Eminent Domain Facilitates
And after a while, the medicine took. By early May, in fact, the once-snowballing squabble had turned into a veritable love fest. Dow and Fidelity joined state and local officials at the State House to confirm their expansion plans for Smithfield.
"Everybody got what they wanted," Charles Swartz, Dow business development manager, said at the ceremonies in Providence. "Biotechnology and financial services are very compatible."
"We're very happy," said John Muggeridge, vice president and general manager of Fidelity's Smithfield Regional Center. "Today, Rhode Island opens the door even wider for Fidelity to grow jobs and expand our investment at Smithfield for many years to come."
The magic bullet behind the sudden outbreak of sweetness and light? Eminent domain.
The Rhode Island Economic Development Corp. (RIEDC at www.riedc.com), working through Rhode Island Superior Court, exercised its eminent domain powers to acquire up to 12 lots in Smithfield. The lots cover roughly 40 acres (16 hectares), state officials said. The state will lease some of the land to both Dow and Fidelity, and the two companies will also exchange parcels. In addition, the settlement creates a buffer zone between the Dow and Fidelity operations.
"Dow wins with an even larger site for a new bio-pharmaceutical facility," Almond explained at the State House ceremonies. "Fidelity wins with its own campus expansion and incentives to bring thousands of new jobs to Rhode Island."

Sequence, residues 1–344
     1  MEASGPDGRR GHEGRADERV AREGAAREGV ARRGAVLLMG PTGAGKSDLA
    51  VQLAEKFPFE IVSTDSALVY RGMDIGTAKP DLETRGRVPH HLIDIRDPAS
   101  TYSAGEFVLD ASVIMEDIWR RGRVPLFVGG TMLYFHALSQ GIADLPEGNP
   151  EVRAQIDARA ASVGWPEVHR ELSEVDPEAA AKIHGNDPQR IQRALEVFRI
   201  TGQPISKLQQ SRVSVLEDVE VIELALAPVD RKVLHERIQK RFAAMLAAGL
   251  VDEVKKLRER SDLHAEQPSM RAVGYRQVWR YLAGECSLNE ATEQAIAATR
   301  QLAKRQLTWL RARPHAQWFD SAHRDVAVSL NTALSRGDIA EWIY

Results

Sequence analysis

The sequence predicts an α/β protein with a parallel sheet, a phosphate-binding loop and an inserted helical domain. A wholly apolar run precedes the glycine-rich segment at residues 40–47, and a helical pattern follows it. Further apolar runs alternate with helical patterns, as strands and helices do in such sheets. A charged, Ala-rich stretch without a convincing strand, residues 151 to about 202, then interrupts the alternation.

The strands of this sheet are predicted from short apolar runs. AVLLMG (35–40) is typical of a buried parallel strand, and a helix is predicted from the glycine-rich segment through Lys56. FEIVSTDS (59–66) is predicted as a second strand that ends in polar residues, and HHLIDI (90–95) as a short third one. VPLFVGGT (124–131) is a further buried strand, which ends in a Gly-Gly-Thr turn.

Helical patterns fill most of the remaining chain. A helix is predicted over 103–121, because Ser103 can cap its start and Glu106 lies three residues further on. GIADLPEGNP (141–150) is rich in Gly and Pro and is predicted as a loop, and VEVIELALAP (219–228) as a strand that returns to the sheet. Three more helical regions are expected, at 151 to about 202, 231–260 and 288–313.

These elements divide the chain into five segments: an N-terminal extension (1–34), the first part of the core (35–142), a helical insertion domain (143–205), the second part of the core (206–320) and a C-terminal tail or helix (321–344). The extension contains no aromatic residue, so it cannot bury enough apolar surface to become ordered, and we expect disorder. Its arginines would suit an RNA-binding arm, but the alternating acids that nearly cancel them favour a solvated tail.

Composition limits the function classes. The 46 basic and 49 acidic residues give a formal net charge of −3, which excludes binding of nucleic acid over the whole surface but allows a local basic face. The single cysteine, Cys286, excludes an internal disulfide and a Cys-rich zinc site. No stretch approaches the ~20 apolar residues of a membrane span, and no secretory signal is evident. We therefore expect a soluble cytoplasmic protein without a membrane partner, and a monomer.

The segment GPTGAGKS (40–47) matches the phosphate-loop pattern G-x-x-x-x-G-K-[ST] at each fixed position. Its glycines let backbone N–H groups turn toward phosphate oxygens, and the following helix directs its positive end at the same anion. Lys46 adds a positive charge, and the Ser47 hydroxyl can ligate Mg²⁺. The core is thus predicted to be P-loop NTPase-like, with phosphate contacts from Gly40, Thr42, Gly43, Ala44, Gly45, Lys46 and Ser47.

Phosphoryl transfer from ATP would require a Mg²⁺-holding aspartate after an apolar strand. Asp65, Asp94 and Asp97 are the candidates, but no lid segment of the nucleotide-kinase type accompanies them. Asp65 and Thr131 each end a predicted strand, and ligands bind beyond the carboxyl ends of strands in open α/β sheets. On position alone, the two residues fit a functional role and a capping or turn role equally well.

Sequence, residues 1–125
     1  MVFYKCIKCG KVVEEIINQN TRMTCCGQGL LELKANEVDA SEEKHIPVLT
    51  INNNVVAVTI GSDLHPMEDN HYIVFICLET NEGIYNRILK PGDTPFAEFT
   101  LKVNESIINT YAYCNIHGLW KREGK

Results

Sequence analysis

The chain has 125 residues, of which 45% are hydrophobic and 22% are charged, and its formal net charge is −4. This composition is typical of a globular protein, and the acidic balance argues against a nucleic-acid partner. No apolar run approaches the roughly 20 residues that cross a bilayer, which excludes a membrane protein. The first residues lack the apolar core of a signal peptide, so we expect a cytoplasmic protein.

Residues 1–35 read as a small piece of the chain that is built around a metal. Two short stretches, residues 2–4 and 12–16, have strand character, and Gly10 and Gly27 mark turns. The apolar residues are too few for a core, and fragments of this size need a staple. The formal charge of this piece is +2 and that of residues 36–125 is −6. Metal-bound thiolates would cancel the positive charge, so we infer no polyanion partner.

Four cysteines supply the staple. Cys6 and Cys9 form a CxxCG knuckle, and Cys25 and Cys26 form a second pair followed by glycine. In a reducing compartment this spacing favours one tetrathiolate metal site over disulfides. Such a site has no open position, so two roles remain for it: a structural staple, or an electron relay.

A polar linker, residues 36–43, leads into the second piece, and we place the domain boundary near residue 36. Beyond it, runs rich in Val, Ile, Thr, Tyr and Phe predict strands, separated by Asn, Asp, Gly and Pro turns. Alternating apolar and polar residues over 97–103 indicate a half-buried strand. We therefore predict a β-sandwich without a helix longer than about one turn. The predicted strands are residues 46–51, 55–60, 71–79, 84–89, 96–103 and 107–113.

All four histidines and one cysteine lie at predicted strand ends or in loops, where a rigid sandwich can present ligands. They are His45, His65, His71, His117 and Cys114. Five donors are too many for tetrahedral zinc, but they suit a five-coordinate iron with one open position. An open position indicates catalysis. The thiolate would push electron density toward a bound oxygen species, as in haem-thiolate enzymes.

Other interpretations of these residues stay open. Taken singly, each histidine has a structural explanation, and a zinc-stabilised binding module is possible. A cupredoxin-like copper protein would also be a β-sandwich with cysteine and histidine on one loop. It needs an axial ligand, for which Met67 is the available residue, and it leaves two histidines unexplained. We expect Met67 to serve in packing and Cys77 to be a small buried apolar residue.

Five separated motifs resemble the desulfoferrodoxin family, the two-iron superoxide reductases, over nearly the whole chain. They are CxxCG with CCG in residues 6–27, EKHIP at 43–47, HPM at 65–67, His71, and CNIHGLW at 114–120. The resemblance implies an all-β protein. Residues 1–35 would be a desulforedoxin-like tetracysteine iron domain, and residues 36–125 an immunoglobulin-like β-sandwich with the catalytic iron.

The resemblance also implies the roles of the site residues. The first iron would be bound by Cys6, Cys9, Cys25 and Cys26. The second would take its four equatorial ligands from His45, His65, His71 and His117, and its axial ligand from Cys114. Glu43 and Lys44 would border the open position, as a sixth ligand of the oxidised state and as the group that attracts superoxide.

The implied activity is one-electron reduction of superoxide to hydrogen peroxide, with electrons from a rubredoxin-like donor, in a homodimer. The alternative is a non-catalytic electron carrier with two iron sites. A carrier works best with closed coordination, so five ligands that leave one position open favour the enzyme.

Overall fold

The land will be purchased with up to $10 million in economic development bonds issued by the RIEDC. Fidelity's rent for the state-owned property in Smithfield will cover the annual debt service on the bonds, state officials said. The agreement also obligates Fidelity to fund a $4-million access road that will run to the parcel that Dow will now occupy.
Fidelity's expansion, however, may enable the company to recoup substantial revenues. Once Fidelity employs 2,500 workers at its Smithfield complex, the state will award the company $500 for each fulltime employee added thereafter. The $500-per-new-employee payments top out at 4,300 workers.
Holdout: 'I'm Ready for a Fight'A potentially significant fly, however, remains in the ointment. Eminent domain in economic development remains a highly contentious issue. And so it is in Rhode Island.
Joseph Mollo Jr., owner of the Breezy Hill Farm Garden Center that's located on the condemned land, plans to put up a fight. The Mollo family has owned the 11-acre (4.4-hectare) property since 1911. Mollo also lives in a nearby house on the property, and rents out another home that sits on the acreage.
The state has offered Mollo $850,000 for his land, the ex-Marine told The Providence Journal.
"My question is: Who appraised this? I'm ready for a fight," said Mollo, a onetime boxer. "I will go all the way. . . . They can keep their $850,000. I'm going to get $2 million for this, or I'm going to tie them up for years over it."
The two other businesses on the condemned acreage, a pub and a restaurant, haven't indicated that they'll contest the takeover.
The state has offered each affected resident $10,000 in relocation expenses, an allocation not required by condemnation law. Owners of the property will be given a year to vacate. During that period, they won't have to pay taxes or rent.